An emotive anthology by seven of Singapore's most illustrious filmmakers, celebrating SG50 through the lives and stories of Singaporeans. Directed by Eric Khoo, Jack Neo, K. Rajagopal, Royston Tan, Tan Pin Pin, Boo Junfeng, Kelvin Tong.
Johanna, a young drug addict, falls into a deep coma after an accident. Doctors miraculously manage to save her from death's doorstep. Touched by grace, Johanna cures patients by offering ... See full summary »
The river Suzhou that flows through Shanghai is a reservoir of filth, chaos and poverty, but also a meeting place for memories and secrets. Lou Ye, who spent his youth on the banks of the ... See full summary »
Set in 1930's in Puebla, Mexico, a young woman finds herself in an arranged marriage to a prominent politician (Andres Ascencio). As his career progresses, she finds it more difficult to remain a loyal, loving wife.
Ana Claudia Talancón,
Daniel Giménez Cacho,
José María de Tavira
Tsai Ming-liang returns with this latest entry in his Walker series, in which his monk acquires an unexpected acolyte in the form of Denis Lavant as he makes his way through the streets of a sun-dappled Marseille.
Aiman is a 28-year-old Malay correctional officer who is recently transferred to the territory's top prison. His parents have long passed away, leaving only his older sister Suhaila as his ... See full summary »
Sandcastle is a half-decent film that impresses only to a certain extent. It is never a landmark of contemporary Singaporean cinema.
Although it made waves at the Critics' Week in Cannes, Sandcastle receives only a splash from me. But it is an encouraging one, a playful slap on the water, rather than a reaction of so-so-ness. Singaporean director Boo Junfeng's first feature film is a promising debut, a composed effort that with good word-of-mouth would attract a fair share of viewers. The film, while not autobiographical, has a story that is loosely based on Boo's life experiences. It is part family drama, part rooted in Singapore history, and is quite an excellent take on the Singaporean culture.
Sandcastle explores the relationship between the older and younger generation of Singaporeans through the lives of one particular family. Boo focuses on the lead character, En (Joshua Tan), who plays a typical 18-year old teenager, who while waiting to enlist for National Service discovers the secret past of his late father through his grandparents his grandfather's old videos and photo negatives kept in a box, and the remnants of past memory from his Alzheimer-ravaged grandmother.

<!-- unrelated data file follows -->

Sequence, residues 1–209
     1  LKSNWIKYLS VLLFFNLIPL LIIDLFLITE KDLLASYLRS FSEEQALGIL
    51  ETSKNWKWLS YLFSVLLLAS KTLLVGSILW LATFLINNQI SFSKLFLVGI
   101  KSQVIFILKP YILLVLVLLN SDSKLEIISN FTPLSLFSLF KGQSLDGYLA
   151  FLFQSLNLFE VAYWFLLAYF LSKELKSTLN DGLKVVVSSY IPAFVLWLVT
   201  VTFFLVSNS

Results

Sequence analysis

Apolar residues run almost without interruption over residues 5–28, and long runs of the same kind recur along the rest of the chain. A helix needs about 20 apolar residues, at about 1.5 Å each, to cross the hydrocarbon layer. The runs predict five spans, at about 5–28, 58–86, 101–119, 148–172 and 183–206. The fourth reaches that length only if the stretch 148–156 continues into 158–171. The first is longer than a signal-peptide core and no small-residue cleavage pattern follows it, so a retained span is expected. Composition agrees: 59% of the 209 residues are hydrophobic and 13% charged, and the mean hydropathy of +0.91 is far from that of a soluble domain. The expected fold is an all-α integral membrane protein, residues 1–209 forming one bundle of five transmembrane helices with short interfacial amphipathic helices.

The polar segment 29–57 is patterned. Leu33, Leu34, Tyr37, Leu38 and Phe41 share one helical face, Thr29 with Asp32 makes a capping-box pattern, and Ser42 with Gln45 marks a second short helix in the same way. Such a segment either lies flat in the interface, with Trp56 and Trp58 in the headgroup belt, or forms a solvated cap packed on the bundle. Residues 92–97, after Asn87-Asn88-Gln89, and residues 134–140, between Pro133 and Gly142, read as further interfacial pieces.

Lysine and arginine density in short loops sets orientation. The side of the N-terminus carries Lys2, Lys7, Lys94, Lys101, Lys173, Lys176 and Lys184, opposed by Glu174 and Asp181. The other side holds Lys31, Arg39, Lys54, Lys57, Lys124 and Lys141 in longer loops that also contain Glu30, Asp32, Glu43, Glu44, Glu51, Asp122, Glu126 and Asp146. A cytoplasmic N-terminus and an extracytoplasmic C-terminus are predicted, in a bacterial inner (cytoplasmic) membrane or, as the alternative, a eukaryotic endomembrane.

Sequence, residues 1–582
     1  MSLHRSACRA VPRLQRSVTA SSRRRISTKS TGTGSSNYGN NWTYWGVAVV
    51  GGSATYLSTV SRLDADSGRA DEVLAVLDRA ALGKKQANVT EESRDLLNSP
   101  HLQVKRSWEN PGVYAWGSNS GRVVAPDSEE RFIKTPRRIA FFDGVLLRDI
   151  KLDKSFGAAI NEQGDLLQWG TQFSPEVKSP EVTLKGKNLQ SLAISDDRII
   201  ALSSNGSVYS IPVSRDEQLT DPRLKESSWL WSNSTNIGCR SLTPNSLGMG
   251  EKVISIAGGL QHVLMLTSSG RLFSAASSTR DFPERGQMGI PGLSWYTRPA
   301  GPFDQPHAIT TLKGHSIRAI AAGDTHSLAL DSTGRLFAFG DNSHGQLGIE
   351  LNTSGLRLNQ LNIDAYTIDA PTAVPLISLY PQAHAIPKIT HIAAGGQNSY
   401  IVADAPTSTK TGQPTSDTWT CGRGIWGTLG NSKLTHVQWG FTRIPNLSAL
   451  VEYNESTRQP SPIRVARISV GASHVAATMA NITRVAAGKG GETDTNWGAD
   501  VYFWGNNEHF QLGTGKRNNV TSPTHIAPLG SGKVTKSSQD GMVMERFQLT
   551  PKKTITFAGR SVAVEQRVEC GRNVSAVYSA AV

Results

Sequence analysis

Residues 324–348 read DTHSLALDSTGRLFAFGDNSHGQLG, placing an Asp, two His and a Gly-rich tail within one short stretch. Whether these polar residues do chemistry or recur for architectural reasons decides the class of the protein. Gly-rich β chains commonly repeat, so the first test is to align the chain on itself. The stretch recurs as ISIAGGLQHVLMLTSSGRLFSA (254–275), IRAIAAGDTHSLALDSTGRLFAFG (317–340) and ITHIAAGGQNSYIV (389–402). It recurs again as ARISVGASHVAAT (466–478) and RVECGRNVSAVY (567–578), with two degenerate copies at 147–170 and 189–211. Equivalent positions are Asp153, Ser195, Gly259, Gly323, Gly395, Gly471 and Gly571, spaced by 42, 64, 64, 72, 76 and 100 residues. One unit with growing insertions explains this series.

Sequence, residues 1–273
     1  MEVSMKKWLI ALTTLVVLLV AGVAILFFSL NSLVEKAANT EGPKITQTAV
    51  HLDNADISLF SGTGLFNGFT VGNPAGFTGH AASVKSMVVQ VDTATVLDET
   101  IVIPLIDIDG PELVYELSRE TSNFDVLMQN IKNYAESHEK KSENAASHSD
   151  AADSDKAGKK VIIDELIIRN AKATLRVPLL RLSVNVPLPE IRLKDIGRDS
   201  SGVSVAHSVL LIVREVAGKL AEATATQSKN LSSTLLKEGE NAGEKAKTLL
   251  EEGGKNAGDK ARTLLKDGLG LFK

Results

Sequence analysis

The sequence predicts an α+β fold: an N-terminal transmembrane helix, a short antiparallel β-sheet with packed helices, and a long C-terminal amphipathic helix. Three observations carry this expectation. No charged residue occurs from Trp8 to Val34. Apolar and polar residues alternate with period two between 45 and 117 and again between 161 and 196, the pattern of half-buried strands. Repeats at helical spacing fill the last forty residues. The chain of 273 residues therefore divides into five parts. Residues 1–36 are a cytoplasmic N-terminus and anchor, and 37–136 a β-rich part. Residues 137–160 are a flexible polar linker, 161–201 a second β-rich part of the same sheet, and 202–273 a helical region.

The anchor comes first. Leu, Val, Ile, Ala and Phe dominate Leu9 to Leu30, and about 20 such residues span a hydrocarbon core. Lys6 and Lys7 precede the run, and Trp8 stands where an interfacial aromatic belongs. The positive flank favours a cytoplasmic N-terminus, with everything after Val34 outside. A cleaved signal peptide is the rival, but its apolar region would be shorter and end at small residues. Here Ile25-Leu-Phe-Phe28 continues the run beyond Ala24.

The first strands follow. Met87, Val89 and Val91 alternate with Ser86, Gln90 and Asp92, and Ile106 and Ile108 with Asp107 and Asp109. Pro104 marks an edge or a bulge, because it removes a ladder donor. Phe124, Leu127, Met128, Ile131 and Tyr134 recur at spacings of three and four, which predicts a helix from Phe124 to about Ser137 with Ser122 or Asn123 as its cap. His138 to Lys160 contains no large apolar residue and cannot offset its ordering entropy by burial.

Boo's film opens with a reel of archival footage documenting briefly on the fervent political scene in the fifties, where passion drove many of the Chinese "protesters" to stage rallies against unpopular government policies. This is set to a Mandarin choir rendition of a poignant Singaporean song, Home, immediately creating a "patriotic shared memory" of the past by those who may or may not have been around during that tumultuous chapter of Singapore history.
Boo stressed in a dialogue session that his film is not meant to be political and should be read as a social study of that "patriotic shared memory" that continues to bind Singaporeans across all generations together. However, I feel that his film is an observation (or even an indirect criticism) of the state of Singaporeans' perception of their political role in society. Where has that fervor gone to? Has it just simply dissipated over a generation? Are we happy to lose our voice just because things are going so well for us?
Sandcastle is slow-moving, almost poetic in its visual style with shots of a moving ship passing through the harbor, and still shots depicting the serenity of urban dwelling. Boo's film is consistently melancholic in tone, which is a plus point for me, because it creates a quiet feel of sadness for the nostalgia of the past. The characters, however, are not quite fleshed out to their fullest, resulting in only a slight emotional attachment to them. The acting is also only above average in that respect.
Sandcastle is a half-decent film that impresses only to a certain extent. It is never a landmark of contemporary Singaporean cinema. But Boo shows that he has the potential to elevate his game, to probe at issues of our society through his personal stories. If he sticks to this direction and slowly improves on the quality of his output, he will be one to look out for, and also one to be remembered in decades to come.
SCORE: 7/10 (www.filmnomenon.blogspot.com) All rights reserved!
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